Violence is a substantial threat to the health and safety of youth in Chicago. In 2011, 433 people in Chicago died of violence-related causes. Children are exposed to violence in their communities, schools and homes, and the effects of exposure to violence can last throughout a lifetime. To achieve Ann & Robert H. Lurie Children's Hospital of Chicago's vision of making Chicago the healthiest city in the nation for children, we must build communities’ and families’ capacity and skills to raise safe, resilient, emotionally healthy youth.
Many organizations in Chicago are working to prevent and control youth violence; Chicago-based programs are achieving laudable results and many are looked to as models that could be adopted nationwide. Yet lack of coordination and communication among these organizations too frequently hampers their effectiveness. Taking a public health approach to youth violence—adopting consistent messaging about the preventability of violence, promoting use of evidence-based violence prevention strategies and fostering multi-sector collaboration—will encourage partnerships that strengthen existing efforts and benefit the children of Chicago.
Strengthening Chicago’s Youth (SCY) is convened by Ann & Robert H. Lurie Children's Hospital of Chicago to build capacity among numerous public and private stakeholders to connect, collaborate and mobilize around a public health approach to violence prevention. SCY is modeled on the Consortium to Lower Obesity in Chicago Children (CLOCC), which supports, coordinates and unites partners to promote policy and environmental change. Materials, training and technical assistance will be offered to foster innovative partnerships among multiple sectors, encourage involvement in policy and advocacy, and support adoption of effective, sustainable violence prevention strategies.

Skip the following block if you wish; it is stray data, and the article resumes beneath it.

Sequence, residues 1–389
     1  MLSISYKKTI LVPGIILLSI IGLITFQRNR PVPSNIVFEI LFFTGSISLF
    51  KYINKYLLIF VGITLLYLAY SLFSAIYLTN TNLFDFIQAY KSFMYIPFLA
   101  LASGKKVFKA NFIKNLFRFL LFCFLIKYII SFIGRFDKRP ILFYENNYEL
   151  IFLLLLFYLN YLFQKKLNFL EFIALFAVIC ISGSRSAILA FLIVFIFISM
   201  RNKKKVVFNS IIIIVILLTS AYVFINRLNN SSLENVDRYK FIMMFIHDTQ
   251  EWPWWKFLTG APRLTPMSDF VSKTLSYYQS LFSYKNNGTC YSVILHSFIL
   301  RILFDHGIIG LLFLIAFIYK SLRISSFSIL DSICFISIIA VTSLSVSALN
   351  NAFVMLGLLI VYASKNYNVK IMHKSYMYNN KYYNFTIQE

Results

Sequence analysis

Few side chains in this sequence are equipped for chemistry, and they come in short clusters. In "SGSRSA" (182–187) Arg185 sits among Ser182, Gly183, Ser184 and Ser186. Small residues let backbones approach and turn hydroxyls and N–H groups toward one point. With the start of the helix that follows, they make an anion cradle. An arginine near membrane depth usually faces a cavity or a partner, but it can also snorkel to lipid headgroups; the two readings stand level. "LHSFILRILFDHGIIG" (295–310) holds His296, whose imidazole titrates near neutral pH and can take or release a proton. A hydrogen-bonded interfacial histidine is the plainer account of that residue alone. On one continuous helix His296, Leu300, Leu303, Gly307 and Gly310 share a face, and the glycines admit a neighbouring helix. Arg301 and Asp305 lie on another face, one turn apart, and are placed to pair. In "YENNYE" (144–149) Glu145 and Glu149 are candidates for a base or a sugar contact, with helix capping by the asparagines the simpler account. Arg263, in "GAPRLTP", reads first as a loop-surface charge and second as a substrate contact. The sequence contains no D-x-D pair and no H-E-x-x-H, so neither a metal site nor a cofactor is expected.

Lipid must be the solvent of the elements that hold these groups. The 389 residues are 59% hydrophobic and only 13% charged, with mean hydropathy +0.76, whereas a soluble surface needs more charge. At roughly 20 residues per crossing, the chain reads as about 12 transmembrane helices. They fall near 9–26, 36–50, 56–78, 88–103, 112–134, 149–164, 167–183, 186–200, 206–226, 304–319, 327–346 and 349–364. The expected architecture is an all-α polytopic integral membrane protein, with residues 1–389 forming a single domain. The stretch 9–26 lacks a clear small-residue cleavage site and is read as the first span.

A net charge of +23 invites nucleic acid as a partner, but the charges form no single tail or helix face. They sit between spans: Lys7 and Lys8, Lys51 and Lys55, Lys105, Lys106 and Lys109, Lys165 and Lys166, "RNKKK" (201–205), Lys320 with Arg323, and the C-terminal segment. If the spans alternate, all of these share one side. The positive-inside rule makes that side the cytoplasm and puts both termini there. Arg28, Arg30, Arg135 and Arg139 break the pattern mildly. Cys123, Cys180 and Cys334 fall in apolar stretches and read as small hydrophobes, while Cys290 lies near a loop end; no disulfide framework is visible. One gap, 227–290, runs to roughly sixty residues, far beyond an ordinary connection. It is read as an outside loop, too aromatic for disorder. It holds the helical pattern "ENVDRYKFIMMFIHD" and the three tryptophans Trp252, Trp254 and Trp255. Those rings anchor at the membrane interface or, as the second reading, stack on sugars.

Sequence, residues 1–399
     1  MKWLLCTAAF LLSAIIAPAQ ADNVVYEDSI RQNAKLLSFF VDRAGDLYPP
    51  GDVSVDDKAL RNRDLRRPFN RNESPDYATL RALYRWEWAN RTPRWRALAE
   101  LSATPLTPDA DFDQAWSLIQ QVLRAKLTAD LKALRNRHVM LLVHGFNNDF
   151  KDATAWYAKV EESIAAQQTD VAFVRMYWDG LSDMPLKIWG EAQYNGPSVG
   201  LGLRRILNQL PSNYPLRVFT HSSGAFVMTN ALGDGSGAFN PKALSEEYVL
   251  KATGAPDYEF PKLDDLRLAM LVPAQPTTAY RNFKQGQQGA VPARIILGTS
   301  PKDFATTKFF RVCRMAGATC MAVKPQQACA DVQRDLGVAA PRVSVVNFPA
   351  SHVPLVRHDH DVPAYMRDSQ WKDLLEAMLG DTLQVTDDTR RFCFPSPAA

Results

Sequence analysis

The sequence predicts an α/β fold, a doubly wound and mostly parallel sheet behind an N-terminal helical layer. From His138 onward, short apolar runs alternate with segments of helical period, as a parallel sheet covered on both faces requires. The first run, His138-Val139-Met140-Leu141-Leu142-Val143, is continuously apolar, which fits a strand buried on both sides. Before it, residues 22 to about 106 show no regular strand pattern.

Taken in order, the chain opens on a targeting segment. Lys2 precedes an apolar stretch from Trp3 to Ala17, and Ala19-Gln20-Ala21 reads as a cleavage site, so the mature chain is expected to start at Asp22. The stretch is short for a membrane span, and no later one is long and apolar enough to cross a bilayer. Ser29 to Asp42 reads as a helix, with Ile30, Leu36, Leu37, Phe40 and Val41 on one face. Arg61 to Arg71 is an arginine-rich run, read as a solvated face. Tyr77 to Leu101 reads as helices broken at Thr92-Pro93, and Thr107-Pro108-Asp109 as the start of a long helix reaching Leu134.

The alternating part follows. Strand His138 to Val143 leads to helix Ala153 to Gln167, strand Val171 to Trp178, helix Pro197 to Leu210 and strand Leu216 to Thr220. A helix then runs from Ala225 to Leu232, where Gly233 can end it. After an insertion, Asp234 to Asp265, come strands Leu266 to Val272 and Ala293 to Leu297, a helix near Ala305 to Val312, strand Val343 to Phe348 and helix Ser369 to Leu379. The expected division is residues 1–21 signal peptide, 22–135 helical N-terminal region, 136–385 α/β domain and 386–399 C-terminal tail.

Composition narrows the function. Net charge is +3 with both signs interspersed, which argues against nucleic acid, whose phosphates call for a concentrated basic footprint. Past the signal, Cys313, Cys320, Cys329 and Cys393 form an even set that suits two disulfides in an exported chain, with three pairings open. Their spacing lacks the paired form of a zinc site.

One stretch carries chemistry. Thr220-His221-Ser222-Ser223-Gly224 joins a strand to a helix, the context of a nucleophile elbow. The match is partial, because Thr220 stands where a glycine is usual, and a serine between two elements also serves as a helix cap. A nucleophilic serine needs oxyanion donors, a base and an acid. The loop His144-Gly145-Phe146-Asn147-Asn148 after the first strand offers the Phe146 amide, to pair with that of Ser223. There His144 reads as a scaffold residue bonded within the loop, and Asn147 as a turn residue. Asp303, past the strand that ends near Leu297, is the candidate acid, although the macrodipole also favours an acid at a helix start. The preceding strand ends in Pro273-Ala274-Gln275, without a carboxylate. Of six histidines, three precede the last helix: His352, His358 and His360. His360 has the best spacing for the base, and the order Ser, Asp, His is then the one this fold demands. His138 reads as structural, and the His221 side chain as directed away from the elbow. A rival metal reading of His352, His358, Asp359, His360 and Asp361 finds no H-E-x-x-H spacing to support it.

By building on the hospital’s commitment to the children of Chicago and success with CLOCC, Lurie Children’s Hospital is well positioned to convene this effort. As a children’s health care provider, the hospital can apply its philosophy of providing family-centered, culturally effective and developmentally appropriate care to addressing the sensitive topic of violence prevention. As a well-known community institution “where kids come first,” Lurie Children’s Hospital will have unique credibility with the broad range of stakeholders—from educators to law enforcement, from youth development organizations to survivors’ groups—that must be engaged for a comprehensive violence prevention initiative to be successful. As a non-governmental organization, the hospital can provide a neutral forum in which partners from various sectors can collaborate on violence prevention rather than feeling compelled to compete for limited public funding.